A ghost is haunting our television, and its name is Paul Hollywood. The piercing blue eyes that penetrate each naive baker’s soul are a steadfast reminder that The Great British Bake Off, in its new iteration of Channel Four, is much the same. For all the anger and angst that marked one of Britain’s most beloved shows’ buy-out by a private broadcasting house, trepidation has been met with, at most, underwhelming comfort. A shade duller, Bake Off remains the same feast of tension, tittering and twisted British delight.
The show’s most visible change is to its core presenters and judges, but what at first appears an exciting shake-up soon reduces to mundanity. Once the dark prince of BBC Three comedy, Noel Fielding’s surprising inclusion as new the host has failed to produce a lasting tonal shift. His atmospheric charm is lost in the calm of the Bake Off tent, his wit flaring in the wrong place and at the wrong time. Sandi Toksvig, another strong comedic choice is similarly disappointing on set and the duo’s chemistry, although growing, has yet to take full force. Paul Hollywood is much the same, but this is not reassuring – the leering patriarchal authority he wields through his select (or not necessarily so select) handshakes is unsettling.
The highlight of the newcomers is Prue Leith; despite having big Mary Berry-shaped shoes to fill, she brings a welcome sophistication and a vivid fashion sense.
In format, the show is identical to before. The viewer gets the same platter of friendly rivalry, grand showstoppers and suspiciously sunny stretches of British summertime. Enjoyment is served in the usual way – culinary treats mixed with the sadistic pleasure of watching Stacey’s oven fall to pieces. Each series relies on the quality of its contestants, and this years are a suitably average mix. Only Liam and Flo have emerged as fan favorites – there are no stars on the level of Nadiya. Ad breaks are initially jarring, but weaved in effectively to build suspense. Overall the show continues to thrive on its offering of charm and tranquility.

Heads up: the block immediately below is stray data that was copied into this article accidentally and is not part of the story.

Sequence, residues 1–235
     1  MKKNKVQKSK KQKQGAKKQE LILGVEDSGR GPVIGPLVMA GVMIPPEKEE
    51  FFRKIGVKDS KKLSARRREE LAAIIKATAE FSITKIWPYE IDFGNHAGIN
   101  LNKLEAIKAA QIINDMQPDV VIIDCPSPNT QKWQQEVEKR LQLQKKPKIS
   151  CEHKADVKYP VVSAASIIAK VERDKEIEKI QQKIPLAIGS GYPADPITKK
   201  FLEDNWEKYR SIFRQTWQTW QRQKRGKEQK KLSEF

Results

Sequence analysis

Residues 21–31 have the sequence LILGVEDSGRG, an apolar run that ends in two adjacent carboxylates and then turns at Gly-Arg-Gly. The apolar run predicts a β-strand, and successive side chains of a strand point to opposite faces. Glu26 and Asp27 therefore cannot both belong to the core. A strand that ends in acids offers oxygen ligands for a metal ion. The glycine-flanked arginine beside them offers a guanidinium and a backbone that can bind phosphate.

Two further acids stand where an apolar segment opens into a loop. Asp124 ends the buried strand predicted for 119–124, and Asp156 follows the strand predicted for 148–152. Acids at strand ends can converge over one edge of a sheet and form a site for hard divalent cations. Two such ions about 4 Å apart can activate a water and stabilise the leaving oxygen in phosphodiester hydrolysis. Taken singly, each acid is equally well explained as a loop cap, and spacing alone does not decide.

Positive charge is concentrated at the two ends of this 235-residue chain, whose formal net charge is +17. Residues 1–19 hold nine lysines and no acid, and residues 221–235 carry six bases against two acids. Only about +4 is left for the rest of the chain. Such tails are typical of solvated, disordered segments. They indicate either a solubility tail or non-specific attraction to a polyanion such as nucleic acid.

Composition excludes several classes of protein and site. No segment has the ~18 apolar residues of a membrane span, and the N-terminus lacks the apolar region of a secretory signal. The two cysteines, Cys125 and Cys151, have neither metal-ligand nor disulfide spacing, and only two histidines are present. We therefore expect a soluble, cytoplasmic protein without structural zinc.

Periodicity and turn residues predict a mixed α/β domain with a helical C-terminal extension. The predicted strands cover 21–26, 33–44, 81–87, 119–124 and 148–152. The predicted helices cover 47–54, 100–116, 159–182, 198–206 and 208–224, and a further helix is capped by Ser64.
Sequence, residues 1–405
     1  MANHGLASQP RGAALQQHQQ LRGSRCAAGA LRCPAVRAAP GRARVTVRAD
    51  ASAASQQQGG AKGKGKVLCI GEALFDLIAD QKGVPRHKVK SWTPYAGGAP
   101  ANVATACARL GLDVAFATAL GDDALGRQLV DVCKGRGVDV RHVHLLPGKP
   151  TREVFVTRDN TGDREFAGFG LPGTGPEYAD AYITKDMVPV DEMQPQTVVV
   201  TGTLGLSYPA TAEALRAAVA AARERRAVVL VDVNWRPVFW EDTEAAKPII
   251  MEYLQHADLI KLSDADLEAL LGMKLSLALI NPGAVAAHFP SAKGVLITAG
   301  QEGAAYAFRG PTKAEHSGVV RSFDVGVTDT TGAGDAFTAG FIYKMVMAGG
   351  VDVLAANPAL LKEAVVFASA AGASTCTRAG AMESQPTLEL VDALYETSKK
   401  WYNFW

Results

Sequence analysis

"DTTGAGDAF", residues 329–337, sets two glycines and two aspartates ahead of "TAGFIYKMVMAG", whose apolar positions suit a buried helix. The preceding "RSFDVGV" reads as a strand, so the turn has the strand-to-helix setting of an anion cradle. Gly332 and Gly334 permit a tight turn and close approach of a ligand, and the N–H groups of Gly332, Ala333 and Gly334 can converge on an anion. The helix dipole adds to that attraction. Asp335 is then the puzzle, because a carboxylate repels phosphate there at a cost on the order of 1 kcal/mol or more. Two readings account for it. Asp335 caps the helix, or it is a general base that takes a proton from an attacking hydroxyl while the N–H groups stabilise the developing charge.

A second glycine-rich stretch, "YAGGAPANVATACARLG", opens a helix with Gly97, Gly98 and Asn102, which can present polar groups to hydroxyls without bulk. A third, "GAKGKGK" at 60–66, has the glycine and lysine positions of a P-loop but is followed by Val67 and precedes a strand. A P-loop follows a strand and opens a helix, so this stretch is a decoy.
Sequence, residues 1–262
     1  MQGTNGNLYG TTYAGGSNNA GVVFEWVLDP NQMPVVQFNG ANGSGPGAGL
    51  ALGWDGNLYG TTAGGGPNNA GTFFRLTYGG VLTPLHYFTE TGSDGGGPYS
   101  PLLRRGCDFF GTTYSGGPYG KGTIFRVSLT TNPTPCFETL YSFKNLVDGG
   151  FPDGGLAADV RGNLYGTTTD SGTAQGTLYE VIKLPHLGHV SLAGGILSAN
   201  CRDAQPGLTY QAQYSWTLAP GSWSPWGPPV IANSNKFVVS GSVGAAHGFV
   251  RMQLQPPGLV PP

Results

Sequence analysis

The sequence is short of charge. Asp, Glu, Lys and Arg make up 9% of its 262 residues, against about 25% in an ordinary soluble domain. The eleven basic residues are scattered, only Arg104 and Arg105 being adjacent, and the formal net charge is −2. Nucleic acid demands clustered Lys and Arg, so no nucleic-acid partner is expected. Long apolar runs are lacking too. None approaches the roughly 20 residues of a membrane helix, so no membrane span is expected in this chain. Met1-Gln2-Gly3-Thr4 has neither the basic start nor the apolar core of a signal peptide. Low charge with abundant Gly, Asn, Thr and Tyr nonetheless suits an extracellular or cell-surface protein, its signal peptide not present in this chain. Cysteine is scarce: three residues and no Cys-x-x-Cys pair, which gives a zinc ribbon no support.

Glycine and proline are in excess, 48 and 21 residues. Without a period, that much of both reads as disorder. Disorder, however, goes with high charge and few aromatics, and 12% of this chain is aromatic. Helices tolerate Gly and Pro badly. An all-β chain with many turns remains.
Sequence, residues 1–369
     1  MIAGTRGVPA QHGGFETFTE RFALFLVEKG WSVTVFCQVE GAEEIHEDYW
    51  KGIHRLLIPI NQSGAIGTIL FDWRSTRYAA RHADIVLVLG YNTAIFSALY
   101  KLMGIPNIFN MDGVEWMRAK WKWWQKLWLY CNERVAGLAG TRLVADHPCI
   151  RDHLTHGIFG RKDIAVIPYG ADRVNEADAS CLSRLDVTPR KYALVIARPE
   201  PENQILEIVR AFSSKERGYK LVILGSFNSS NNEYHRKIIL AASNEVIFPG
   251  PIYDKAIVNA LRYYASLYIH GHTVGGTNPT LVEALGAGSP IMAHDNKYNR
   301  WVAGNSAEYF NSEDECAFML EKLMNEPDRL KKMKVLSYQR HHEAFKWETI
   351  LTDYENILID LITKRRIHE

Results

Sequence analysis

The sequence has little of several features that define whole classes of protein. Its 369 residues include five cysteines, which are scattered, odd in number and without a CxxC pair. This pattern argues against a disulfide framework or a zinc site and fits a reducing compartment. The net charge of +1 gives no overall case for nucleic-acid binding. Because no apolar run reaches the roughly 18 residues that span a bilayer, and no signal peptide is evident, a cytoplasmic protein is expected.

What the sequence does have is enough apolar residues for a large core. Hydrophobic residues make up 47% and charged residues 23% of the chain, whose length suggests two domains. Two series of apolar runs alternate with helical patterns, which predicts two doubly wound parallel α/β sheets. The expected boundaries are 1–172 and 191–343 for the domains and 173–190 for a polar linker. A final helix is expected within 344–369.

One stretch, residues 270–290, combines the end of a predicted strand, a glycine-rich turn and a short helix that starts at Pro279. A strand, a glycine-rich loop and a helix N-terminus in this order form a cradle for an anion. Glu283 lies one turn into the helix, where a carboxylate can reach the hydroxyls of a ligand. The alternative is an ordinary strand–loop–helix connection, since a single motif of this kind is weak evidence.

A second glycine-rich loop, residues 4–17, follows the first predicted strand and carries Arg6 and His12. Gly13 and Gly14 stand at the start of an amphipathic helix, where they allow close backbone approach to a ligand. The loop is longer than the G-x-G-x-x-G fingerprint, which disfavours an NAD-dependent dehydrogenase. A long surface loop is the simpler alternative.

Channel 4 Bake Off is, by and large, BBC Bake Off. But perhaps this broadcasting rupture marks a time to reflect on what makes Bake Off so beloved. The show exists in tension. It claims to embody the quaint British spirit – the passive twee-chic and the romantic rural setting are the cultural projection of our ‘quiet island nation’ – despite rampant social discord existing in reality. Bake Off advertises itself as a show for people’s “love for a good bake”, despite its £75 million sale. This was a move made for money, not to please the Mel and Sue lovers of the world.
Bake Off has survived its transformation unchanged, but for what purpose? If we have learnt one lesson it is that even this ‘national treasure’ is yet another commodity in the thralls of the market. What next, Blue Planet?
Image: Katherine Cassidy